1930s: It Can’t Get Any Worse, Right?

We are finally done with the 1920’s Newbery books. This week, we will begin reading the next ten winners. In an earlier post this week, Laurinda detailed the major trends of the past decade of Newbery winners.

The 1920’s were not the best decade for Newbery books. Most of the novels did not age well, and I’d be wary of recommending any of them to children nowadays. Our combined average rating was 2.03 out of 5 stars. None of the winners got a higher rating than a 3.

Hopefully, the Thirties will be a more exciting and enjoyable read than the last batch. Historically, the 1930’s are bookended with the tumultuous events of the Wall Street Crash of 1929 and the outbreak of World War II in Europe. We’ll see if any of the books we read are influenced by the surrounding events.

Here are a couple of things that could make the 1930’s better:

  1. Characterization. The 1920’s featured a cast of characters that were bland and forgettable. Characters did not grow throughout the novel; instead, they were static individuals who had no personality.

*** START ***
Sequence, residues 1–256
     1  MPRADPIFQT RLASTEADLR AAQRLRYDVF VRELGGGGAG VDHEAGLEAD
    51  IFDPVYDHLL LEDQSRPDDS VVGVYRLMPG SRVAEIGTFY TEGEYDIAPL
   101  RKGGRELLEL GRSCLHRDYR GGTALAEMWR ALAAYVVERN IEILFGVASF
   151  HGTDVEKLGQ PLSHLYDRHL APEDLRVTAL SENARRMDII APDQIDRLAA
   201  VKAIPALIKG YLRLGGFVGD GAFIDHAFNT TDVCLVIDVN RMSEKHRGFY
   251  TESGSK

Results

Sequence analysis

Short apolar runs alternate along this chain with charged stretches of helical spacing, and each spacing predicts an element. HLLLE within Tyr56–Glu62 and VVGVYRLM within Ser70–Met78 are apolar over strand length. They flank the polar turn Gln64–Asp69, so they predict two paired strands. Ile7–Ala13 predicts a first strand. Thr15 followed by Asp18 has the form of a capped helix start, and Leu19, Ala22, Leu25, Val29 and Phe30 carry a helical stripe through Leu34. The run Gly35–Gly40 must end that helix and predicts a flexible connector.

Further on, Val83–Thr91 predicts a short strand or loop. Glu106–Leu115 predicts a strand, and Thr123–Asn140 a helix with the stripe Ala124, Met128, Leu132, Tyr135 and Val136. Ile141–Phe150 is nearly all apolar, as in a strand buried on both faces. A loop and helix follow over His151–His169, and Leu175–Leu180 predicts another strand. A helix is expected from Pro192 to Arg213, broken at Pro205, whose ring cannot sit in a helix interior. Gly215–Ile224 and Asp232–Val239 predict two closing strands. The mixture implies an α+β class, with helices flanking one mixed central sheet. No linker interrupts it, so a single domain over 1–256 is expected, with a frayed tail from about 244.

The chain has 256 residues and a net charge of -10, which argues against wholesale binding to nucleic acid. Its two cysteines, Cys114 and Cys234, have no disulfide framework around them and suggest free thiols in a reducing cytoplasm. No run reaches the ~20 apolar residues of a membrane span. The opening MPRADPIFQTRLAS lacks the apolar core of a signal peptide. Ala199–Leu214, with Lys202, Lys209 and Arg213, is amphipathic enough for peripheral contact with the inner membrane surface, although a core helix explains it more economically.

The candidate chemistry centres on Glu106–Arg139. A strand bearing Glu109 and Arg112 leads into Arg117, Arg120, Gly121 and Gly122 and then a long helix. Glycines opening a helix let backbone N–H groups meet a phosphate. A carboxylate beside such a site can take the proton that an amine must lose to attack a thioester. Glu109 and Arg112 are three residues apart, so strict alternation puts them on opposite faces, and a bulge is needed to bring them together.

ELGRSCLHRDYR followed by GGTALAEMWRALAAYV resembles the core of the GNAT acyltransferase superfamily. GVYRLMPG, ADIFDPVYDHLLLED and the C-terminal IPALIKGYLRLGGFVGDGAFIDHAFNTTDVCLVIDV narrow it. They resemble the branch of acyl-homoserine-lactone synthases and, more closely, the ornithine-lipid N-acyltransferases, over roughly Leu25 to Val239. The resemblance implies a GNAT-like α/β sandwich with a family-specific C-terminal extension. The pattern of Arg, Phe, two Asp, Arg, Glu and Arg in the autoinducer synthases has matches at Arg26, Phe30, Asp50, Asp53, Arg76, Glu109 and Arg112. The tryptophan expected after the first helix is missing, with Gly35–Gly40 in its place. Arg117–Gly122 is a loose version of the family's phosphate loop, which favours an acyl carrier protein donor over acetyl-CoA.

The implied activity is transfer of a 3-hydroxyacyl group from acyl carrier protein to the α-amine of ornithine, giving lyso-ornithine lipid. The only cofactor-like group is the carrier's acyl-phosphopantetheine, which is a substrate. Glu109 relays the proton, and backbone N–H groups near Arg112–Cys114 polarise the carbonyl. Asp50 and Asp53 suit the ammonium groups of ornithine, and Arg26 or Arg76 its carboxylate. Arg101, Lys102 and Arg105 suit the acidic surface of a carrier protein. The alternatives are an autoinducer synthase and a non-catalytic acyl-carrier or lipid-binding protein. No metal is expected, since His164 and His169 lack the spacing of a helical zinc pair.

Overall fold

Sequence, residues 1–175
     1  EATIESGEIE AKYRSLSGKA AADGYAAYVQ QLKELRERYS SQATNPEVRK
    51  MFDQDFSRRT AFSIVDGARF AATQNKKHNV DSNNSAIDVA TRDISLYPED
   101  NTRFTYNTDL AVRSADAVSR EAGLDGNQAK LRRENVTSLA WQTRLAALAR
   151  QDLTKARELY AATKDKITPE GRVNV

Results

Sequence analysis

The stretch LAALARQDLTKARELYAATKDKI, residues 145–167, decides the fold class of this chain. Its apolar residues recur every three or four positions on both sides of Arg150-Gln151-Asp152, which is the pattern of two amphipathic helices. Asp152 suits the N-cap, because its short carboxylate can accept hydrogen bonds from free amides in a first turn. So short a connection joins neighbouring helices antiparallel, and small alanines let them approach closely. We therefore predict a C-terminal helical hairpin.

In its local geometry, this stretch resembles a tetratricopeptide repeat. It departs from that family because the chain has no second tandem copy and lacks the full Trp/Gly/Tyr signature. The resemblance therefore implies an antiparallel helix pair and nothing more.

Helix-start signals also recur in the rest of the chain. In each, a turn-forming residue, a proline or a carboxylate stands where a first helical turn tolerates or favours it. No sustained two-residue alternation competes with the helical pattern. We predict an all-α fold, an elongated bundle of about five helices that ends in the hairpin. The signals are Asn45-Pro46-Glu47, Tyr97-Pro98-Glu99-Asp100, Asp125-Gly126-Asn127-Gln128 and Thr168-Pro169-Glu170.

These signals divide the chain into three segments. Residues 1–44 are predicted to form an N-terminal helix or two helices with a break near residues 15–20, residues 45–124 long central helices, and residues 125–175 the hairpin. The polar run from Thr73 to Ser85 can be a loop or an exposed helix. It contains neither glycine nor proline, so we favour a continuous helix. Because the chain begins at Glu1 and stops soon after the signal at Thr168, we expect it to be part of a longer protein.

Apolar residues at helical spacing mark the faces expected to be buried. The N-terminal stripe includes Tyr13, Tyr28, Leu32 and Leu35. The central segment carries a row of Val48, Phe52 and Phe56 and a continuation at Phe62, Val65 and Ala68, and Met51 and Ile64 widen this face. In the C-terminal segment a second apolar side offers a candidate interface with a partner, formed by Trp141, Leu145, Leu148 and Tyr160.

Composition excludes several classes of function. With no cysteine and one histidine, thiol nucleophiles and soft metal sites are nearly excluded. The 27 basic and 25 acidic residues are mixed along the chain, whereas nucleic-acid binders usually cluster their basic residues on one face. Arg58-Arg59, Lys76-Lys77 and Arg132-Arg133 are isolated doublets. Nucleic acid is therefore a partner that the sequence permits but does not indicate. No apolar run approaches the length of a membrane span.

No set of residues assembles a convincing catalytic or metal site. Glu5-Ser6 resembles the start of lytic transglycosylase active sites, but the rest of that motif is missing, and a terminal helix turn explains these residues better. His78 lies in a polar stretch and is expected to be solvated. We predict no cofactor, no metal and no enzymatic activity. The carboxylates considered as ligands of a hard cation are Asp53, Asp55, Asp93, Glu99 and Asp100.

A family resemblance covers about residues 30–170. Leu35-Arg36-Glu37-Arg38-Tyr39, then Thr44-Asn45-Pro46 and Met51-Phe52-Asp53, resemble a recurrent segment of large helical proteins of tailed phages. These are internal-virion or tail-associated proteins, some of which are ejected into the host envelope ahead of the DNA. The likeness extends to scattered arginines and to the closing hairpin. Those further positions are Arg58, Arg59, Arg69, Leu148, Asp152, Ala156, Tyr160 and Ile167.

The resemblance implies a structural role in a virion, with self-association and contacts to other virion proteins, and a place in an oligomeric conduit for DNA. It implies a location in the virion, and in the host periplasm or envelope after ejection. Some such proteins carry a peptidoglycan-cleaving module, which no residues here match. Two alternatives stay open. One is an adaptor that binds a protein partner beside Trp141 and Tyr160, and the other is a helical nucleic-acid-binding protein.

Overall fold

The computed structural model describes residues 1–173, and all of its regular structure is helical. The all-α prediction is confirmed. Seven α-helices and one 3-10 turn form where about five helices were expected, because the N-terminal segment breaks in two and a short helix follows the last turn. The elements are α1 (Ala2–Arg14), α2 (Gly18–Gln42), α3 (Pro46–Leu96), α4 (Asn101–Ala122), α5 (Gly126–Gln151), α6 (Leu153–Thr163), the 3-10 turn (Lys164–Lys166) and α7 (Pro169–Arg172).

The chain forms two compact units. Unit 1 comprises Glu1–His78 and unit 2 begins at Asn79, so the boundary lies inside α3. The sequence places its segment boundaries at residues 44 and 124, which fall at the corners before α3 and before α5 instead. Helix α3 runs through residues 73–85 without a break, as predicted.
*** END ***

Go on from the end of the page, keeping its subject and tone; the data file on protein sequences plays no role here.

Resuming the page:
2. Female protagonists. The first winners featured no female main characters, except for a few short stories. From looking at the next ten titles, it looks like this will not be an issue in the next decade.
  3. Modern language. The previous winners’ writing style was burdened down by dense language and a reliance on old dialects.

Looking forward to the 1930’s, here are the next books in our queue:

1930: Hitty: Her First Hundred Years by Rachel Field
1931: The Cat Who Went to Heaven by Elizabeth Coatsworth
1932: Waterless Mountain by Laura Adams
1933: Young Fu of the Upper Yangtze by Elizabeth Lewis
1934: Invincible Louisa: The Story of the Author of Little Women by Cornelia Meigs
1935: Dobry by Monica Shannon
1936: Caddie Woodlawn by Carol Ryrie Brink
1937: Roller Skates by Ruth Sawyer
1938: The White Stag by Kate Seredy
1939: Thimble Summer by Elizabeth Enright

And don’t forget to check out our featured quotes and pictures on our Tumblr account, found at http://newberyreviewers.tumblr.com/.


Leave a Reply

Fill in your details below or click an icon to log in:

WordPress.com Logo

You are commenting using your WordPress.com account. Log Out /  Change )

Google+ photo

You are commenting using your Google+ account. Log Out /  Change )

Twitter picture

You are commenting using your Twitter account. Log Out /  Change )

Facebook photo

You are commenting using your Facebook account. Log Out /  Change )


Connecting to %s